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Today's topic: kids corner

More than 1,600 years ago, the Chinese people began to grow trees in pots. These tiny trees were called bonsai, taken from the words bon meaning pot and sai (tree).

Bonsai trees can be as small as 3 inches (called mame bonsai) or as tall as 28 to 30 inches. Some bonsai are known to be over 100 years old. They are imitations of nature that you can pick up and take with you. Today, and for the next three weeks, we'll learn how to create a bonsai. Younger children can do it with parental help, while older children might want to try it on their own.

Bonsai come in as many shapes as trees in nature. Some basic shapes are illustrated today because they are probably the easiest to do.

Take time to look at the trees outside. See how some, like pines, grow straight and tall in a formal, upright position. Others cling to cliffs and cascade down the side. Still others offer an umbrella shape or look like a large ball, or might even remind you of a broom. Some slant, some twist, some have branches that sweep the ground. Creating a bonsai should be an effort to imitate what you see in the outdoors.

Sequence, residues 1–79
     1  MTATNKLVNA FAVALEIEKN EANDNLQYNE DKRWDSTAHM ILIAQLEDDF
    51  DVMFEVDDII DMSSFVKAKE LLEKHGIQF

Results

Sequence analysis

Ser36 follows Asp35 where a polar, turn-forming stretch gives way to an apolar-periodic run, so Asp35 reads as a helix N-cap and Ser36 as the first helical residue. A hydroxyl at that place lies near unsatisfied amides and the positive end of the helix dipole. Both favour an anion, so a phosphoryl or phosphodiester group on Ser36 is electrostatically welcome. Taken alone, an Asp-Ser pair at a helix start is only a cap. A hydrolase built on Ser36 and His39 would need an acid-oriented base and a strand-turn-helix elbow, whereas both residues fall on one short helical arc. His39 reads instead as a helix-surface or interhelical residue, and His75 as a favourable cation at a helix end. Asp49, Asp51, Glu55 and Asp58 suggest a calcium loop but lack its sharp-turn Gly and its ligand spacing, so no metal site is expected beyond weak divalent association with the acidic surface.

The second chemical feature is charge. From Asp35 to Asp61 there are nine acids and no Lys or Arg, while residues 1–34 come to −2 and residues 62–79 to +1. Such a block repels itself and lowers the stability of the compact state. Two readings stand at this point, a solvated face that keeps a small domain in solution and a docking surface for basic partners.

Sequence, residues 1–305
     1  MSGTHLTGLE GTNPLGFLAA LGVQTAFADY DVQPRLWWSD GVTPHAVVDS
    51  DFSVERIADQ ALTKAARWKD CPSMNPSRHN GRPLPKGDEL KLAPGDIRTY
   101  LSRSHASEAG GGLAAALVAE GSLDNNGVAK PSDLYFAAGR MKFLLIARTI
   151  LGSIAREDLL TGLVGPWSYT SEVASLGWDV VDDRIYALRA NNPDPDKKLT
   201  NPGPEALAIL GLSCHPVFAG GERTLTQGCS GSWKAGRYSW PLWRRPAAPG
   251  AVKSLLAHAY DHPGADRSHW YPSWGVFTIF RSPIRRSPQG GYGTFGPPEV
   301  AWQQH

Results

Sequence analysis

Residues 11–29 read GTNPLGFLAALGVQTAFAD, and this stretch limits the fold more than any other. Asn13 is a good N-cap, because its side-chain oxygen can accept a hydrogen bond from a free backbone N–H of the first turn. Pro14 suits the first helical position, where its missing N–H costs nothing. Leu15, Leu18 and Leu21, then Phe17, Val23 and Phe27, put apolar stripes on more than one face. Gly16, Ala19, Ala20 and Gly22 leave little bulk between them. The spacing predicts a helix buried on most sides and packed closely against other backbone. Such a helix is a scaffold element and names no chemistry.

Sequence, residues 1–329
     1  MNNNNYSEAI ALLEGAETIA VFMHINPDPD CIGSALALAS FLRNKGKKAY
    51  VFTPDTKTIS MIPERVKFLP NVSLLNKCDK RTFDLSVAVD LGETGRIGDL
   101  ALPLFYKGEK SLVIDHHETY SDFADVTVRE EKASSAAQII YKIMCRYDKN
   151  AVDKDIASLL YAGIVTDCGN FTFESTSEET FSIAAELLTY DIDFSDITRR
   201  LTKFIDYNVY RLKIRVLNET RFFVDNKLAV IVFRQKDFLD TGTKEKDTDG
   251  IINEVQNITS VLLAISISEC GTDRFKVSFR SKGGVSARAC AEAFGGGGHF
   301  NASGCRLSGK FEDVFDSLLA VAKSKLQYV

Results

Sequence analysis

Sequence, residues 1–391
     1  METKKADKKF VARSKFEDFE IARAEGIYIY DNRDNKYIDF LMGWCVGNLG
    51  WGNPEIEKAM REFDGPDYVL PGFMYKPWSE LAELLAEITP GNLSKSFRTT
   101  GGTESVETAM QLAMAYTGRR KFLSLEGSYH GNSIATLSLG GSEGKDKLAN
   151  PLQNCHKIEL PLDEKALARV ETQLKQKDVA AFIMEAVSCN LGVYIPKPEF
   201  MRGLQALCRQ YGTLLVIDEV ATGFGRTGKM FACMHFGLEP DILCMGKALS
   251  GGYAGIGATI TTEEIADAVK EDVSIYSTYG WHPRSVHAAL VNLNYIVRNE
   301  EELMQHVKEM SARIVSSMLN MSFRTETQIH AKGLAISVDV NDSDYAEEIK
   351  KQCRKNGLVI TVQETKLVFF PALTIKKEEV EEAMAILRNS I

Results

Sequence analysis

Many plants make nice bonsai, but a good choice will have small leaves and a pleasing shape and may flower or fruit. Creeping junipers make fine cascades, while azaleas and ficus plants are pleasing as umbrella or spherical shapes. Small needled pines, cypress and spruce work well in any of the upright styles.

A plant that makes an excellent bonsai is called serissa or tree of a thousand stars. It has small green leaves, often edged with white and small white flowers that bloom almost constantly. For the first 12 children that call me at 344-1266, I have starter plants of serissa and care instructions that may be picked up in the Inverness office by 4:30 p.m. Friday.

Pots are also important. For most bonsai, you will need a shallow- or medium-depth pot, but for cascading bonsai a medium to deep pot works best. Check local nurseries or crafts stores for this type of pot. Red Rose in Ocala carries them.

For next week, you will need to gather a small plant, sharp scissors, a pot with at least one drain hole, a small piece of plastic canvas or screening and a good grade of potting soil. A small, sturdy stick such as a chopstick also will be helpful. We'll begin by trimming and transplanting our plant. On March 15, you'll learn more about shaping and pruning your plant, and on March 22, we'll discuss wiring.

Try to visit your library this week and look at bonsai books to learn more about what we'll be doing this month.

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